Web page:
The main environmental challenge for the concrete industry is cement production. By developing technologies to reduce the proportion of Portland cement in concrete, we can save large amounts of energy and drastically reduce carbon dioxide emissions. 2D fab coworker, Jan Nordin, believes graphene could play a key role in this transition.
Concrete has been used in buildings, roads, and bridges for centuries. Concrete is strong, resilient, and easy to produce. One of the main components in concrete is cement which, unfortunately, is a major climate villain. Cement production require vast amounts of natural resources, and currently accounts for about 6-8% of the global CO2 emissions.
The concrete industry needs to decarbonize, and one efficient way to do this is by reducing the amount of cement clinker in it. New binders with lower proportion of Portland cement are currently being developed in Sweden. These products are based on new inorganic compounds and residual products from the Swedish industry. With new binders, however, come new challenges. Among other things, new complementary technologies are required to maintain the elasticity of the concrete and to ensure durability in cold climates.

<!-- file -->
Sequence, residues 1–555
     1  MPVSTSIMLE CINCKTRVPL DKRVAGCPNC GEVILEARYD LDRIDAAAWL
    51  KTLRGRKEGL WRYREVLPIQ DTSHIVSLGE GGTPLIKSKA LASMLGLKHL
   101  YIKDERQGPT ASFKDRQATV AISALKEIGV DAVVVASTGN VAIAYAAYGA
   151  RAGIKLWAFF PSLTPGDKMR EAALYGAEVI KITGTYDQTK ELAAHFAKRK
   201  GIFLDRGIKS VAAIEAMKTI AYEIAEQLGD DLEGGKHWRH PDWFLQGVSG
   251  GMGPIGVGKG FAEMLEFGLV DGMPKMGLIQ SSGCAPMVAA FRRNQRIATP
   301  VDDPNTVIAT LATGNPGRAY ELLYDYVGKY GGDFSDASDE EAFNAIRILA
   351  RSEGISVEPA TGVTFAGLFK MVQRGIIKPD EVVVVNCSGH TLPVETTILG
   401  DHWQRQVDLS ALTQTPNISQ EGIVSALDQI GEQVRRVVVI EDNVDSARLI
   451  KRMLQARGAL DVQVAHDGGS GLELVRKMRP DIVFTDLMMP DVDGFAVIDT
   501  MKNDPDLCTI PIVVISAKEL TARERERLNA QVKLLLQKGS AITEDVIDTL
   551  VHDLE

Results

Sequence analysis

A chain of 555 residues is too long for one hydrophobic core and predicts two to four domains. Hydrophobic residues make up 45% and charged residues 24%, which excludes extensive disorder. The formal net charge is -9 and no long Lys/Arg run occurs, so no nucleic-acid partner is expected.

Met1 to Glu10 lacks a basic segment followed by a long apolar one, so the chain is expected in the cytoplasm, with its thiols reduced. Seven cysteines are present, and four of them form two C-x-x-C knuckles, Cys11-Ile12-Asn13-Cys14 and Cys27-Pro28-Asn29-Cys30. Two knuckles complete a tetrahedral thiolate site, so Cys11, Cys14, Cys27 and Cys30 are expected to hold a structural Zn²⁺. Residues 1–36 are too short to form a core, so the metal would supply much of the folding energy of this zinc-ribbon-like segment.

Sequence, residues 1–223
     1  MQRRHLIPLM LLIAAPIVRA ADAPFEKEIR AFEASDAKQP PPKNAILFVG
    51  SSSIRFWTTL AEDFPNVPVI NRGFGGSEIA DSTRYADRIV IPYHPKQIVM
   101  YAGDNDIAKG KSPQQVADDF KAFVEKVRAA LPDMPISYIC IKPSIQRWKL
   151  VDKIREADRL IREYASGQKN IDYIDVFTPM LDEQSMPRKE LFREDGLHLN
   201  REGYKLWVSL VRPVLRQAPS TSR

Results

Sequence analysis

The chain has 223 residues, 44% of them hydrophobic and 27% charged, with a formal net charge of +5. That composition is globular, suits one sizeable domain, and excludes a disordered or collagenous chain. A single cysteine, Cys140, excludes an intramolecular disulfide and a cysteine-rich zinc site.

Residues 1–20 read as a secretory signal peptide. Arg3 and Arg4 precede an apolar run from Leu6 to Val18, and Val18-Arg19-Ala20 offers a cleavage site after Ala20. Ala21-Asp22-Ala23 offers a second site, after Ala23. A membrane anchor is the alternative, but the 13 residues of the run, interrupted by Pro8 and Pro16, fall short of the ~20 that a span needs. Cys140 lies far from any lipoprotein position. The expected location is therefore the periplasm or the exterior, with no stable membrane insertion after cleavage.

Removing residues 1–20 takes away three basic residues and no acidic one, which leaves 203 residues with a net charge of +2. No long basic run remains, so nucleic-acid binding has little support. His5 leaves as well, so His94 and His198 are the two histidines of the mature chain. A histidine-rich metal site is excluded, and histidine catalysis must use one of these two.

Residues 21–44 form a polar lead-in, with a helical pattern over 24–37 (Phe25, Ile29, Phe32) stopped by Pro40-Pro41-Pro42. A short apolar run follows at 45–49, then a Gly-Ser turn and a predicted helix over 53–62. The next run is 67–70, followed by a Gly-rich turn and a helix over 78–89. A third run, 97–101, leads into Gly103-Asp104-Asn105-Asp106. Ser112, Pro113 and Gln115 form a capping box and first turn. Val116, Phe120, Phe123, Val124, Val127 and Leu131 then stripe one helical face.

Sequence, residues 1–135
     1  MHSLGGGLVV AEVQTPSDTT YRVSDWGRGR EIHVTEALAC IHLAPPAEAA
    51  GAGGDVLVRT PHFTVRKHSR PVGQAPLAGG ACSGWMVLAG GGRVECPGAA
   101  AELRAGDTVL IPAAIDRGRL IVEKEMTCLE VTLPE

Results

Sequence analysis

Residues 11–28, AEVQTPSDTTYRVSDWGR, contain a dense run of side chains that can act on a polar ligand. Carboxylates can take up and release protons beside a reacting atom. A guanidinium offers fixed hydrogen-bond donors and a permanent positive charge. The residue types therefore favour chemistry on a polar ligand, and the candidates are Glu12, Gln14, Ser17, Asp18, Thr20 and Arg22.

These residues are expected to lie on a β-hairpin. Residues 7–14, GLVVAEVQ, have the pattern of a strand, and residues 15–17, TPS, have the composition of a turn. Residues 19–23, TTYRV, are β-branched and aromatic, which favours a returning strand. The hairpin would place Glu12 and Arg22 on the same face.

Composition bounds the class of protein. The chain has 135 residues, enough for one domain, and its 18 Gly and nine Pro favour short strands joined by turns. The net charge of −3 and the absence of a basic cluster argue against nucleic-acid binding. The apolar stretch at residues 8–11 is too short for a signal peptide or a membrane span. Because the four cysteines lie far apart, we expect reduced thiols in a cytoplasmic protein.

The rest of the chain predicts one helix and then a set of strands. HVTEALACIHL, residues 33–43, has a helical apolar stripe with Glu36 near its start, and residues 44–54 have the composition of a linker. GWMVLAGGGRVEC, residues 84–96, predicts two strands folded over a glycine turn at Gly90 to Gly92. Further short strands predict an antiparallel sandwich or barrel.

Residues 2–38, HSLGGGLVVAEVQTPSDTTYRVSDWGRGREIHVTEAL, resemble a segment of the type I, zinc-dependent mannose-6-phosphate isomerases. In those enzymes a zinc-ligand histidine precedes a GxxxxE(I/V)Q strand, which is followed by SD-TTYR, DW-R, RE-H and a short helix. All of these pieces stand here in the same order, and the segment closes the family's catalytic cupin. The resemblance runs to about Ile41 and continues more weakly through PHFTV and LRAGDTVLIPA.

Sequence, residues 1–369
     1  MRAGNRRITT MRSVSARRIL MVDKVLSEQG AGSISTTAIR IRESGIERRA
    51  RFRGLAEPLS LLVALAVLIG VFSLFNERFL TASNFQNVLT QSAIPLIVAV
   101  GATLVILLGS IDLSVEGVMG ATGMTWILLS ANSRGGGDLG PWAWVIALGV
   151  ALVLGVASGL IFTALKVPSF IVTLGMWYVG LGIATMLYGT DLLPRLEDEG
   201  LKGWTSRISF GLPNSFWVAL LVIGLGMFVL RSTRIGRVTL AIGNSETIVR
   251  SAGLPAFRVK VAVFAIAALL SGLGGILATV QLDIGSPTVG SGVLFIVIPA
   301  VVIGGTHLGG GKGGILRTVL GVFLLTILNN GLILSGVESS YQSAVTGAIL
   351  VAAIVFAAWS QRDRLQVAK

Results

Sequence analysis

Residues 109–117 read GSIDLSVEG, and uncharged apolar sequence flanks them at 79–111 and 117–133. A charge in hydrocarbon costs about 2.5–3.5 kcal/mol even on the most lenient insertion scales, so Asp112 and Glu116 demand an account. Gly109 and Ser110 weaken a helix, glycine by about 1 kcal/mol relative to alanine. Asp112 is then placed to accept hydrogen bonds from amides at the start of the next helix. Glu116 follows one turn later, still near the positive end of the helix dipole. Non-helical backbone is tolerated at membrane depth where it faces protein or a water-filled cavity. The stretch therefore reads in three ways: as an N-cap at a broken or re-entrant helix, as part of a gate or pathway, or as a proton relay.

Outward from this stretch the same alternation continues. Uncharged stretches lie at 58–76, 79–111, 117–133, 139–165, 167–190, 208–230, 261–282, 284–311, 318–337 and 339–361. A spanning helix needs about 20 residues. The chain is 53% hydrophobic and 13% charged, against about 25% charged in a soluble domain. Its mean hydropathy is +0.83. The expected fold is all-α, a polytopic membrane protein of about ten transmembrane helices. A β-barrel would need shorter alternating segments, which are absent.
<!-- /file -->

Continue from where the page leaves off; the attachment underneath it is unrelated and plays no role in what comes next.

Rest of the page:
2D fab coworker, Jan Nordin wants to facilitate the development of replacement products for Portland cement, using graphene. He is currently developing unique admixture products, based on graphene, with potential to make frost-resistant concrete that is stronger and less prone to cracking. These products proved to increase compression strength, flexural strength, and reduce water absorption in concrete.
To be able to realize his dreams of facilitating the transition to more environmentally friendly concrete, Jan has, together with Professor Farid Akhtar, founded Grafoam. This is a new Sundsvall-based company aiming to solve the challenges that comes with lowering the amount of traditional cement in concrete. Together with Luleå University of Technology, Grafoam is currently sharpening their product portfolio by developing microsphere and nanofibre technology where graphene from 2D fab plays an important role.
Do you want to learn more about graphene in concrete? Or maybe get to know Jan a little bit better? Check out this article!